(a) Dome-Nsogyaso feeder road
(b) Gavokope-Ekye feeder road
(c) Semanhyia-Bondaso feeder road (km 12.0-36.9)

Mr. Speaker, these projects were submitted to the European Union (EU) for approval in March 2005. It is expected that the procurement of works will commence by January 2006.

Mr. Speaker, engineering studies
Mr. R. K. Ahaligah 10:25 a.m.
Mr. Speaker, I would be grateful if the hon. Minister would tell me specifically when his Ministry would start engineering works on the Agya Attah-Tomefa road.
Dr. Anane 10:25 a.m.
Mr. Speaker, I see that my
hon. Colleague is now being tutored in the game of questioning. Mr. Speaker, I have mentioned a whole lot of projects that are ongoing in the particular district where my hon. Colleague comes from. Mr. Speaker, they are so many, and most of them happen to be tracks, which are now being converted into feeder roads. We cannot capture all the roads in the district within this year. We believe that as we
go on phasing out the others, we would capture this Agya Atta track. I believe that since we have captured it for engineering studies, definitely next year's budget should be able to capture that so that we continue with that as well and add up to what we are already doing in this district.
Mr. E. T. Mensah 10:25 a.m.
Mr. Speaker, I
want the hon. Minister to give us an idea about when something will commence. “We have now captured it for engineering studies within a year,” he has conjectured. Knowing the New Patriotic Party's (NPP) track record whereby even when the things had been packaged for four years on, a lot had not been done and we have to re- package it -- Can he tell us when it will commence?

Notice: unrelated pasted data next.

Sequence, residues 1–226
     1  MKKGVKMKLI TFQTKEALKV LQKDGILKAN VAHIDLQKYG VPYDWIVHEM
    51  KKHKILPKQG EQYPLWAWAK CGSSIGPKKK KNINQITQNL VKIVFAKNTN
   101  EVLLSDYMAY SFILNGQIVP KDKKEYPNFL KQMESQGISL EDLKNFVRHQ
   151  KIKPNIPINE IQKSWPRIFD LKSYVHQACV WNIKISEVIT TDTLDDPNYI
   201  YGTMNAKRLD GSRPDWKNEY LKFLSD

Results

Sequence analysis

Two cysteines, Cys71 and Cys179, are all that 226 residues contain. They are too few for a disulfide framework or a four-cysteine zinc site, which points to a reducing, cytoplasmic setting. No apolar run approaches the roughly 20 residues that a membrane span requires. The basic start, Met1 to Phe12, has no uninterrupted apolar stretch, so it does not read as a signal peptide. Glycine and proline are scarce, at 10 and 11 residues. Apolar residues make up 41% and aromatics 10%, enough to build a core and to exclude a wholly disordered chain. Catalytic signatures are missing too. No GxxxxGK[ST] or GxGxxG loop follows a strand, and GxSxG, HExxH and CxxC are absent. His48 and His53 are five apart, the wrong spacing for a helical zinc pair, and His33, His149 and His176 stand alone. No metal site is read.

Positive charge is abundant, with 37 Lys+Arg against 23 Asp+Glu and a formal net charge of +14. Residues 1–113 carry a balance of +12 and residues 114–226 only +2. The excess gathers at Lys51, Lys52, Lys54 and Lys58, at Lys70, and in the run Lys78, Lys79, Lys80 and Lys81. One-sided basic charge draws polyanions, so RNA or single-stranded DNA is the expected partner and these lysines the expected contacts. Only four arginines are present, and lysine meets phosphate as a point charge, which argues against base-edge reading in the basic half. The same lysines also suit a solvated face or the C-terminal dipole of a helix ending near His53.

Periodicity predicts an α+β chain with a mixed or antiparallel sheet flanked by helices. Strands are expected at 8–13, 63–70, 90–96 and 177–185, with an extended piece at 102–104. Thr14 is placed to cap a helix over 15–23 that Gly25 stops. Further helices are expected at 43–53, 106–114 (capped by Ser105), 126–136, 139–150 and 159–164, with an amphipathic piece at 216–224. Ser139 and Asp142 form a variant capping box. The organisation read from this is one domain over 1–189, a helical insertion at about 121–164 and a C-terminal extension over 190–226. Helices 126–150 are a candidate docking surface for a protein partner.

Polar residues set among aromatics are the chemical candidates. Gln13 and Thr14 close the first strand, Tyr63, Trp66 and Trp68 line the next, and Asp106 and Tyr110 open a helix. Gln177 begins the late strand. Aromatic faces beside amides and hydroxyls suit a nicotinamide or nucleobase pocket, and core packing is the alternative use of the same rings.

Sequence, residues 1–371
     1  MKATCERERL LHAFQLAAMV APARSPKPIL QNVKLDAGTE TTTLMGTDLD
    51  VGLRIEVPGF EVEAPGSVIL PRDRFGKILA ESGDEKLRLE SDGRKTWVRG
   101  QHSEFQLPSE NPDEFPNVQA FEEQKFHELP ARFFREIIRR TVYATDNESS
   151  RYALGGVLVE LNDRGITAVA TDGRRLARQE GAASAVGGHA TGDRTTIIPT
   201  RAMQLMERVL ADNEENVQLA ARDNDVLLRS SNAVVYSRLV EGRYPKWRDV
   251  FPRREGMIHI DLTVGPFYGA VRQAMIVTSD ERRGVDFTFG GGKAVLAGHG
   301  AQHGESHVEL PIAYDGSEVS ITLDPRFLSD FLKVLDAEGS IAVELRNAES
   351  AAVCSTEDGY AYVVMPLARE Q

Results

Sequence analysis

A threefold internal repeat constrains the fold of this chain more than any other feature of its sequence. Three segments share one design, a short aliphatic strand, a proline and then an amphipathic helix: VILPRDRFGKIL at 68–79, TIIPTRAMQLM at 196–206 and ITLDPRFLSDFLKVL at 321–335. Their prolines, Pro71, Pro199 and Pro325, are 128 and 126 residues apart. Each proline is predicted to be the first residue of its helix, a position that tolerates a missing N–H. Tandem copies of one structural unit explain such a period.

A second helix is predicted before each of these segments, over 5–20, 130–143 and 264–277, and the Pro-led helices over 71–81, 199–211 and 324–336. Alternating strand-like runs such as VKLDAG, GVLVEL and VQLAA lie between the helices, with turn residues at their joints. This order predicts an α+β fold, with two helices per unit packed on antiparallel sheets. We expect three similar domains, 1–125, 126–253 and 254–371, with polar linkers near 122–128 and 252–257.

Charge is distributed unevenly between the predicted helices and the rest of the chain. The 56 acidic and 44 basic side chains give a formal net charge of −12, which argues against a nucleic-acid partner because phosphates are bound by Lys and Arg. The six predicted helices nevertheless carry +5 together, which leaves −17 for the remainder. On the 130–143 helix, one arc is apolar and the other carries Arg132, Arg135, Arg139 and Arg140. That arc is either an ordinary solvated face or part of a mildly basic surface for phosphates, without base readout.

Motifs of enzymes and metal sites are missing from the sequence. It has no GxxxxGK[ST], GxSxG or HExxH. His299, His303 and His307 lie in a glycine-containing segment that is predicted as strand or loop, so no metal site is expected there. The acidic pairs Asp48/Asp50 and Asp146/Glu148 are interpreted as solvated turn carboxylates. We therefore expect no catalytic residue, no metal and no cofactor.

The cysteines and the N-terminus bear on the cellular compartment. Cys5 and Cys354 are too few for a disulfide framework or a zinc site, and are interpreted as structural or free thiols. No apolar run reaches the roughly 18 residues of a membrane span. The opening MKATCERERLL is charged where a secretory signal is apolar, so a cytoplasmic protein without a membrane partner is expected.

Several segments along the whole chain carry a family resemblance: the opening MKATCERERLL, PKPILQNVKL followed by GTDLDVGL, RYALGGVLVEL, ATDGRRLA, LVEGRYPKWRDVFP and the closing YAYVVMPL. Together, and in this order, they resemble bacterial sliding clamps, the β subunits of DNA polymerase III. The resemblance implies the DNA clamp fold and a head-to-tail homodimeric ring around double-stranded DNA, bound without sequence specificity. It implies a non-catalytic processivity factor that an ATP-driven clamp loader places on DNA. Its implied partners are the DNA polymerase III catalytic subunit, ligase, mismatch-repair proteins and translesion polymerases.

Mr. Speaker 10:25 a.m.
Deputy Minority Whip,
your supplementary question was not clear.
Mr. E. T. Mensah 10:25 a.m.
Mr. Speaker, the
hon. Minister in his answer indicated that Agya Atta will be captured for engineering; and he said that by September, certain steps would be taken. My question is this: I want him to give us a specific date when the certain things will happen, given the NPP's track record.
Dr. Anane 10:25 a.m.
Mr. Speaker, my hon. Colleague definitely knows that the NPP's track record is superior to what he knows. He can attest to the fact that his bridge has been constructed for him and he should be very happy for the NPP Government's - [Interruption.]
Mr. Speaker, I mentioned that we have
captured many of the tracks, not feeder roads in the district to be converted into feeder roads. I also mentioned that these are all done under budget and therefore since Agya Atta footpath -- which is not
even a track used by people but a footpath -- needs to be converted into a road for food to be conveyed to other parts, and this will be captured in our next year budget. It will also be done just as we have captured the others and they are being done. So next year's budget will cater for that project.
Dr. Benjamin Kunbuor 10:25 a.m.
Mr. Speaker,
I want to know from the hon. Minister; when he says a particular footpath has been captured, what does he mean? Is it that it has been earmarked, it has been awarded as a contract, or there is financial commitment to the project? I want to know what he means by “captured”.
Dr. Anane 10:25 a.m.
Mr. Speaker, my hon.
Colleague is a lawyer and I expected that he would have appreciated what I meant. I did not mean capture in water. What I meant was that this had been noted and it would be handled appropriately.
Mr. E. K. Salia 10:25 a.m.
Mr. Speaker, in
the hon. Minister's answer to my hon. Colleague's question, he mentioned a Transport Sector Programme Support Phase II. What is this all about? Is there any Transport Sector Programme Support Project Phase I? If so when did it start and what is it about?
Dr. Anane 10:25 a.m.
Mr. Speaker, I would wish
that my hon. Colleague who happened to have been in the Ministry and who knows what he is talking about would come in with a substantive Question so that I would explain it to the entire House.
Mr. Salia 10:25 a.m.